A community united, forever changed

Local leaders reflect on lessons learned, progress made since deadly 2011 tornado
Apr. 15, 2013 @ 06:20 PM

The twisted metal of the Lowe's Home Improvement building and the wreckage of the homes in the St. Andrews community were among the images burned into the minds of Lee County residents from April 16, 2011. Local officials especially remember the countless unknowns in the immediate aftermath of that day's devastating tornado — which took two lives and resulted in millions of dollars in damage.

No matter where Sanford Mayor Cornelia Olive traveled on that Saturday, the damage seemed to get worse and worse.

"As far as the tornado goes, it was one of those things where the world changed radically in the blink of an eye," Olive said. "It was horrifying. It was so scary because we didn't know about the loss of life."

Now, two years later, Olive said she remembers there was an inability to communicate that caused a feeling and sense of vulnerability.

"The scope of the damage was so hard to process," she said. "It was one of the things that was maddening about it. We didn't know who had been hurt or if anyone was in these devastated houses. We didn't know how many people were out there. And then we started to hear about the miracles."

Those could include the Lowe's manager who ushered people to safety inside of a collapsing building, the twister passing by a group of children searching for Easter eggs at the Hunt Springs Baptist Church, and the men and woman donning chainsaws who cleared the roads and driveways.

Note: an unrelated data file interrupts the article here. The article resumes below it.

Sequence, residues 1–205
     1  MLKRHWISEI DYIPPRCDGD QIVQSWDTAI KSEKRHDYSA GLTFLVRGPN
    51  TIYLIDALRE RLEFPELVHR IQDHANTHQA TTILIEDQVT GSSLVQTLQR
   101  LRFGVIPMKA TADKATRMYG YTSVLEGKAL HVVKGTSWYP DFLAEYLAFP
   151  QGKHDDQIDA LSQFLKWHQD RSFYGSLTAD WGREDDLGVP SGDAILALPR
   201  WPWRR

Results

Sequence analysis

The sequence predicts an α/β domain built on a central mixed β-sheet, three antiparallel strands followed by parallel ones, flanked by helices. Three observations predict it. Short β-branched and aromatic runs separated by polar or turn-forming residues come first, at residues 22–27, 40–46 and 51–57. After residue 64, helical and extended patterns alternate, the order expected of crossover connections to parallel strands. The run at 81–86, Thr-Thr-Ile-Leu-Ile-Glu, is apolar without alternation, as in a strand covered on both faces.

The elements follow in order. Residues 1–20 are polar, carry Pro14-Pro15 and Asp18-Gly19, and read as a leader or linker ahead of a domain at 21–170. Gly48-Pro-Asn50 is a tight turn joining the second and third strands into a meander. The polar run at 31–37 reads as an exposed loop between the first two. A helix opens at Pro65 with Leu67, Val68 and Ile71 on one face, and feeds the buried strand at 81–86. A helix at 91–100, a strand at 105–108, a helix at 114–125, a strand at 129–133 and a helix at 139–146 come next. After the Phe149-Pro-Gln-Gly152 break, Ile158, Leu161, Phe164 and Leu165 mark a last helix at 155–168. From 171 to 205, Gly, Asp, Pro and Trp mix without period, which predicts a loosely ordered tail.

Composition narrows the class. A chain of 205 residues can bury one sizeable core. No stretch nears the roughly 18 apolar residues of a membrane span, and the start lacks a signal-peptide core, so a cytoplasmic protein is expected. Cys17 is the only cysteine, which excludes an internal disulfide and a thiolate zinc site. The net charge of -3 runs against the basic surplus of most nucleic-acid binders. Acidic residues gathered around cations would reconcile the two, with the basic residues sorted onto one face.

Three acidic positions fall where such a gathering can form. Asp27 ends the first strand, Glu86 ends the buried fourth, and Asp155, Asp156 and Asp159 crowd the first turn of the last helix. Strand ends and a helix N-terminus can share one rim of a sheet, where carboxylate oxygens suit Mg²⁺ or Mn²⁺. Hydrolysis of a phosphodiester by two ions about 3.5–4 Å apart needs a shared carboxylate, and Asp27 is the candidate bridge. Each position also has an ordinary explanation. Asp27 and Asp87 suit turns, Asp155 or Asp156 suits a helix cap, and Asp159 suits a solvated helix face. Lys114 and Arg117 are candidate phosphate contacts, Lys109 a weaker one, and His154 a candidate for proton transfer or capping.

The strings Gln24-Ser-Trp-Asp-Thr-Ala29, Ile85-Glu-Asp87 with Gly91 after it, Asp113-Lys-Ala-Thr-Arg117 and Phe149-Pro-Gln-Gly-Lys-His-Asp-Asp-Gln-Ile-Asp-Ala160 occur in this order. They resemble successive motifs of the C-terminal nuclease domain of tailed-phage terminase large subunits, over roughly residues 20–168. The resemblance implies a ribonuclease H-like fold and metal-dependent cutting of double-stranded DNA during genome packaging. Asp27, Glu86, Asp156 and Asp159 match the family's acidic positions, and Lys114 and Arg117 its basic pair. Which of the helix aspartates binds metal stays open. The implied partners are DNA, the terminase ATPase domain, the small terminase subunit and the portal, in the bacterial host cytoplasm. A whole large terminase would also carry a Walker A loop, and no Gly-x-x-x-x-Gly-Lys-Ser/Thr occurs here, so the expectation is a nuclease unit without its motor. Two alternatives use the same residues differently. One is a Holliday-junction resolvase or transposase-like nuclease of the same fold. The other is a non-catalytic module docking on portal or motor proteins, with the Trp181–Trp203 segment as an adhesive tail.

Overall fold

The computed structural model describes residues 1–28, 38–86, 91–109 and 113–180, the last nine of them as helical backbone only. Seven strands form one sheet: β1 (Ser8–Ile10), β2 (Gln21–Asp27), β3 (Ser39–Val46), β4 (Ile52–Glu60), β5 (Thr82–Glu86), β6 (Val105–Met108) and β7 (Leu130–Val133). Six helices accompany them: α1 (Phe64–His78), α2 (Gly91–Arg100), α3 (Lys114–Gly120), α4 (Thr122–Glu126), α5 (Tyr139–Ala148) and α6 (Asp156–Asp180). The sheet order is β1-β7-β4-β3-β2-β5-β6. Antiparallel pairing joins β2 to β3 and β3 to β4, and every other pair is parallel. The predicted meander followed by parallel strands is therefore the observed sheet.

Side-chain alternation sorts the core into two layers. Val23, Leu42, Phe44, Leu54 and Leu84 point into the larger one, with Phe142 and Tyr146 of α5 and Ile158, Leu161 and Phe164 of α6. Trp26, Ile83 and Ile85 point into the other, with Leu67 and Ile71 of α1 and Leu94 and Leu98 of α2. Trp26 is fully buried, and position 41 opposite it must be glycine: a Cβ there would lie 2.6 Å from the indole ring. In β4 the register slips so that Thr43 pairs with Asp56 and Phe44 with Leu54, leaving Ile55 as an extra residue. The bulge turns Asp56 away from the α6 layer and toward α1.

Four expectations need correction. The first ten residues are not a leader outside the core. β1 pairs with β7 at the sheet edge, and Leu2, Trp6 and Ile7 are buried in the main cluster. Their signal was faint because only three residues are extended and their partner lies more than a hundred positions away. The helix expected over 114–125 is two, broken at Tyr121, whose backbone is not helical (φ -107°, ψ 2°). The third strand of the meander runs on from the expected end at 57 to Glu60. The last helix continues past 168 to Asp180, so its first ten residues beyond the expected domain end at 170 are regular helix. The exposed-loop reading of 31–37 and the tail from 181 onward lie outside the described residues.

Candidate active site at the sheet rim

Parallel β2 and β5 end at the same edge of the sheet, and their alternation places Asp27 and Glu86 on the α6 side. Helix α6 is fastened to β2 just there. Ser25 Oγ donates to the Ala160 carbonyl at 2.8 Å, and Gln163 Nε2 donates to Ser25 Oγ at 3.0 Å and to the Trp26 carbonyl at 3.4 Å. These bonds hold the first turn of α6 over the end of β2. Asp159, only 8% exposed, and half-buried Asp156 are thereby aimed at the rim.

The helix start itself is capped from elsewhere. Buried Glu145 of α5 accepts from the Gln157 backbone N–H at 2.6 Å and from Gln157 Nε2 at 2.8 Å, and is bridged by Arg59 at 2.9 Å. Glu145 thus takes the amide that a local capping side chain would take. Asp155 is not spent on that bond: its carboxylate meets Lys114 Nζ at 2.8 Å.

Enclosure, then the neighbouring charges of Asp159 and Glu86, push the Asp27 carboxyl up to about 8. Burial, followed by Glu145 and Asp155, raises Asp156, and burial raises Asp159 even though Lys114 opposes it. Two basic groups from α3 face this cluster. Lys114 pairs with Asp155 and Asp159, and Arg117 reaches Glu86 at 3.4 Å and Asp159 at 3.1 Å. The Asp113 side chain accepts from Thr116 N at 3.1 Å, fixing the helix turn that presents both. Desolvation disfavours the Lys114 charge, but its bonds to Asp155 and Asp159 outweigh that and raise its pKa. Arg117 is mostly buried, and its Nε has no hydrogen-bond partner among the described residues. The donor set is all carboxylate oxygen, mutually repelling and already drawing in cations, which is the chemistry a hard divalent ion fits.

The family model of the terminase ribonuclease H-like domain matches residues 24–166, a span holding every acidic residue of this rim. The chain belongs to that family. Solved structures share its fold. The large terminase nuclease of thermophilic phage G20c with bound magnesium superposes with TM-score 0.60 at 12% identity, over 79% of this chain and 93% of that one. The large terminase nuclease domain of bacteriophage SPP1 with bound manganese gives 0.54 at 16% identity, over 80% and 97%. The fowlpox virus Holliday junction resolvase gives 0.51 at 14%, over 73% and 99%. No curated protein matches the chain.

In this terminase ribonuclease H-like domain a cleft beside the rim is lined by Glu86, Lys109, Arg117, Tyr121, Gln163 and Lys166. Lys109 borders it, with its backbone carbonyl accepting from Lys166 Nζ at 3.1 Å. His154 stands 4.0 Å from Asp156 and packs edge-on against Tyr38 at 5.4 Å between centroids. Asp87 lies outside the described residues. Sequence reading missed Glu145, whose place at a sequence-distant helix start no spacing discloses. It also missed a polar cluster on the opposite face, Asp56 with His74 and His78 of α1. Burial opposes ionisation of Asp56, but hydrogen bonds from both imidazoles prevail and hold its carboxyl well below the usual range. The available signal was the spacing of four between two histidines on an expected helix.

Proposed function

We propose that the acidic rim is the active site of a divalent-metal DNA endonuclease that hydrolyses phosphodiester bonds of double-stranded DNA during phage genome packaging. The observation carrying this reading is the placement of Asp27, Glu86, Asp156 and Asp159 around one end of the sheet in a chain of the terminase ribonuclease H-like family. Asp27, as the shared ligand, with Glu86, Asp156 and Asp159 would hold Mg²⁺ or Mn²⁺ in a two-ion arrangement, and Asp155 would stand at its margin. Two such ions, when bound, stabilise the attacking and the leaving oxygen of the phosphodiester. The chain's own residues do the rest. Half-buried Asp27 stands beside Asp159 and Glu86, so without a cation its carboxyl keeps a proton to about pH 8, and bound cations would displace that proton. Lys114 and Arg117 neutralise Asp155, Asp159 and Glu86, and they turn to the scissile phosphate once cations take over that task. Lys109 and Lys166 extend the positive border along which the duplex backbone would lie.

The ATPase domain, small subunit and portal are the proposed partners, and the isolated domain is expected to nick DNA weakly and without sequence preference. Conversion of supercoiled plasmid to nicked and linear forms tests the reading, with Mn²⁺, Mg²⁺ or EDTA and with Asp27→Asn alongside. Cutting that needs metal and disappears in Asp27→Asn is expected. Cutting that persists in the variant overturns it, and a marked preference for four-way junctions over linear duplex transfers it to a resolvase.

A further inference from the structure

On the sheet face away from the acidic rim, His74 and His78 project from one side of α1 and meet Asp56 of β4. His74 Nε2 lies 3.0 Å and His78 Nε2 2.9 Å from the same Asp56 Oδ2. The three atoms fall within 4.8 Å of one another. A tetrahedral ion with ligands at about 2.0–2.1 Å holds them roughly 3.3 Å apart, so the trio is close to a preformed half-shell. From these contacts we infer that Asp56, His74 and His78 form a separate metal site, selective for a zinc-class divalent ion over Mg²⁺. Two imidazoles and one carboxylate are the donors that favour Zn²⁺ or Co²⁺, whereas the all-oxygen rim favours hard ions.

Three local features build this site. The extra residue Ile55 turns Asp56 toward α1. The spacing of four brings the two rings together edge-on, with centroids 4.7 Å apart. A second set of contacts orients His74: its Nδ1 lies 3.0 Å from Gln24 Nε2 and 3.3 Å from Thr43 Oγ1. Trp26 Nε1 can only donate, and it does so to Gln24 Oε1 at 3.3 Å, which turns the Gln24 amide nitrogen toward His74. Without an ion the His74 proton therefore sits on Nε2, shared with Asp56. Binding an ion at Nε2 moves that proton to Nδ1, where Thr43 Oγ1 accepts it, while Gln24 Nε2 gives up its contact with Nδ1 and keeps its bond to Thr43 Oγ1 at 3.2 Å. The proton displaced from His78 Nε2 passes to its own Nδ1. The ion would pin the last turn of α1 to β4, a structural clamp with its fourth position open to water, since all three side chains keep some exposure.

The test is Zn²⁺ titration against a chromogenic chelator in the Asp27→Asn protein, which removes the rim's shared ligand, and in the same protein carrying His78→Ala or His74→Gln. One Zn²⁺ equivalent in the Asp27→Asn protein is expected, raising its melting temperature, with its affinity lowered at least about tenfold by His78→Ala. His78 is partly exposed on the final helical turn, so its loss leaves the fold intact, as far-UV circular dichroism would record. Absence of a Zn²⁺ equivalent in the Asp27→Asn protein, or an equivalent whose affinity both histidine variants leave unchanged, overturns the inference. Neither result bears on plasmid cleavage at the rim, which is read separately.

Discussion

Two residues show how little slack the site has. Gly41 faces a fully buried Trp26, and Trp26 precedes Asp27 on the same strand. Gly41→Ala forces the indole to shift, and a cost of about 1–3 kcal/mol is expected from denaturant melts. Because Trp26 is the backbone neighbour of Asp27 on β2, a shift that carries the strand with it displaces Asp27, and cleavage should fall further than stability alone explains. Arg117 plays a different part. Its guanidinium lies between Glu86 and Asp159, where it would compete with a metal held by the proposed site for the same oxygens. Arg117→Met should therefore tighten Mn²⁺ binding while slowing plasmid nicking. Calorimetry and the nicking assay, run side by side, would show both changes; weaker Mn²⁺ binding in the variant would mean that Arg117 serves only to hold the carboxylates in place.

"You never know until faced with a certain crisis if you will rise to the occasion or not," Olive said. "And our people did in every respect."

Lee County Manager John Crumpton said the teamwork and dedication of the county staff, law enforcement officers and volunteers was evident in the days after the tornado.

"From an emergency preparedness standpoint, we are better off than we were two years ago," Crumpton said. "With what we have done with the emergency operation center and training of officials, we are better prepared and have a better understanding of what to do after a disaster now that we have gone through it."

Because of the county's proximity to the Shearon Harris Nuclear Power Plant, emergency management and officials had undergone a variety of drills and testing that proved indispensable in the aftermath of the 2011 storm, he said.

"There were already some things in place in terms of how to communicate with one another," Crumpton said. "Where we really needed to improve on was communicating outside of the county and the agencies that came from outside."

Olive said the city rose to the tornado's demands and learned from its lessons.

"With our emergency drills that are overseen by emergency management, I would venture there is better attendance and attentiveness now," Olive said.

Also of note, she said, are the resolve of the people who were impacted and how others responded to their needs.

"We came away from that day with a pretty good perception of how we value each other ... ," she said.